Group calls for ending of opening prayers at Legislature
Hawaii Citizens for the Separation of Church and State today sent a letter of complaint to the state Legislature over the practice of opening sessions with Christian prayers.
The group contends the practice violates First Amendment rights by proselytizing and says it will engage in peaceful acts of civil disobedience if the practice continues.
The letter — sent to all members of the Legislature, as well as state Attorney General Mark Bennett — follows a similar message delivered to the Honolulu city council earlier this month.
The group said it recorded today's sessions of the state House and Senate and that both began with Christian prayers.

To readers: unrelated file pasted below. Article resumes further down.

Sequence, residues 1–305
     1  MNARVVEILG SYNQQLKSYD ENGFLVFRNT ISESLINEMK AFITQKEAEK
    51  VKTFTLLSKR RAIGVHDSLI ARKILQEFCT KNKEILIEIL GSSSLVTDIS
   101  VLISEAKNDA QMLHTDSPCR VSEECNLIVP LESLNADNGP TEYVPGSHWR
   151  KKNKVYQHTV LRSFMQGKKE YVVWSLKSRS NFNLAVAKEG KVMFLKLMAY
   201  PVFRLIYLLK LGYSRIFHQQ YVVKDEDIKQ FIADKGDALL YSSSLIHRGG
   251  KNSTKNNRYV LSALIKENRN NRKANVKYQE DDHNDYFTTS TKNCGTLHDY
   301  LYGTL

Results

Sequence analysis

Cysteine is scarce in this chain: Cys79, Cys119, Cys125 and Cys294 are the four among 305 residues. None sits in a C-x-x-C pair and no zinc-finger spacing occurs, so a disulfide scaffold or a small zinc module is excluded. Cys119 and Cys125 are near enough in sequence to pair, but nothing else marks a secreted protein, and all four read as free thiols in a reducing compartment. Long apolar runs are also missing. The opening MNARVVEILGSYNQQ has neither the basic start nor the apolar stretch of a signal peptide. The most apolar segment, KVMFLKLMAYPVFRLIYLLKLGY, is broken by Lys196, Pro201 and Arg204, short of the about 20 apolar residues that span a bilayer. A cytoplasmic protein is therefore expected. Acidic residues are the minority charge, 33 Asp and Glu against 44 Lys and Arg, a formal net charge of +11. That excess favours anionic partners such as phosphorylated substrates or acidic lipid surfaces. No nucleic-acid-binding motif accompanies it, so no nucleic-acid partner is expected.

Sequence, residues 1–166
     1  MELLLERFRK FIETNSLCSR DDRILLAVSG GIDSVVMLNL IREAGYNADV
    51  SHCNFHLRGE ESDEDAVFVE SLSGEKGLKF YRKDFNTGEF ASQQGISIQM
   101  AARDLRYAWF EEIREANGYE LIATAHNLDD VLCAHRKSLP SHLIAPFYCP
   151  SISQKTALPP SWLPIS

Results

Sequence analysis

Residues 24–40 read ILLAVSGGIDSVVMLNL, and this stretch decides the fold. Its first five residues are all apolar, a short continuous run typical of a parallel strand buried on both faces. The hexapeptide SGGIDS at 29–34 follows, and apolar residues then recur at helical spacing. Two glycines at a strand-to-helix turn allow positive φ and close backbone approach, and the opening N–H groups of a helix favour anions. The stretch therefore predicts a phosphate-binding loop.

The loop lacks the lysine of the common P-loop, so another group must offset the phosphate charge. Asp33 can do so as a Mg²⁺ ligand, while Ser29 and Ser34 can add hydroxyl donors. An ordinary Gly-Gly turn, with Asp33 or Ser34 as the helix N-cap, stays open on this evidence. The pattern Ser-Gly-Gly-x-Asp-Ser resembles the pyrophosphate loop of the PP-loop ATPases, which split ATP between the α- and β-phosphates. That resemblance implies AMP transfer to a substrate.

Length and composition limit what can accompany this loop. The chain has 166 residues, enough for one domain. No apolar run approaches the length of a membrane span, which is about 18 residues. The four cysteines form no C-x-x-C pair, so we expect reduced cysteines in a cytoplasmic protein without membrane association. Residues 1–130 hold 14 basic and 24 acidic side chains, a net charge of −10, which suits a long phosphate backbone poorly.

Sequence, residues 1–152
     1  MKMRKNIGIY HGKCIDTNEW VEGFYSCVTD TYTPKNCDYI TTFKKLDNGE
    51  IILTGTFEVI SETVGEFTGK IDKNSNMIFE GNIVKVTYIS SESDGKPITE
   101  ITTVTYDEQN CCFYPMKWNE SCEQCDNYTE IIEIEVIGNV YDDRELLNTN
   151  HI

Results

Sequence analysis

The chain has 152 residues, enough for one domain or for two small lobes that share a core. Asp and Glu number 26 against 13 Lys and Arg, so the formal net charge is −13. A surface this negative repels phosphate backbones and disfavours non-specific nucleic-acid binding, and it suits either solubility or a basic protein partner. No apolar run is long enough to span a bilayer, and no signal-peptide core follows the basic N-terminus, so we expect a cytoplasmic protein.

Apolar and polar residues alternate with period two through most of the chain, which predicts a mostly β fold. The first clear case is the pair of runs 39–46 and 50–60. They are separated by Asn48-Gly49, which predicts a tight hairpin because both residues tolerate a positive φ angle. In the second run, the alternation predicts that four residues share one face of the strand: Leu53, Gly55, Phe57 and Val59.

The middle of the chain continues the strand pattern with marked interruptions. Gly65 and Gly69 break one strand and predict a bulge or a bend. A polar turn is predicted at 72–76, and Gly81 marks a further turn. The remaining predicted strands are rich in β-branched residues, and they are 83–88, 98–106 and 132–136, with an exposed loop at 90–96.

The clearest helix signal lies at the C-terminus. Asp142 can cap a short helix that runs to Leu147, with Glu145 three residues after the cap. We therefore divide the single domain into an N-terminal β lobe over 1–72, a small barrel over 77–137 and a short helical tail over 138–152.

The group says the Legislature is violating civil rights by asking citizens in attendance to rise while invocations are being delivered and that the prayers further violate the rights of citizens who might be watching the sessions on public access television.
The letter says, "As elected officials, each and every one of you swore an oath of office 'to protect and defend the Constitution of the United States and the State of Hawaii.' You are all ethically, legally, and honor bound to treat all citizens fairly and equally."
The group says that if the practice continues, members attending sessions "will rise, one person at a time, to interrupt and object as follows:
" 'I, (member's name), object to this sectarian religious activity on the grounds that it violates my First Amendment rights under the Constitution of the United States.' "
On the Net:
Hawaii Citizens for the Separation of Church and State: http://www.lava.net/~hcssc/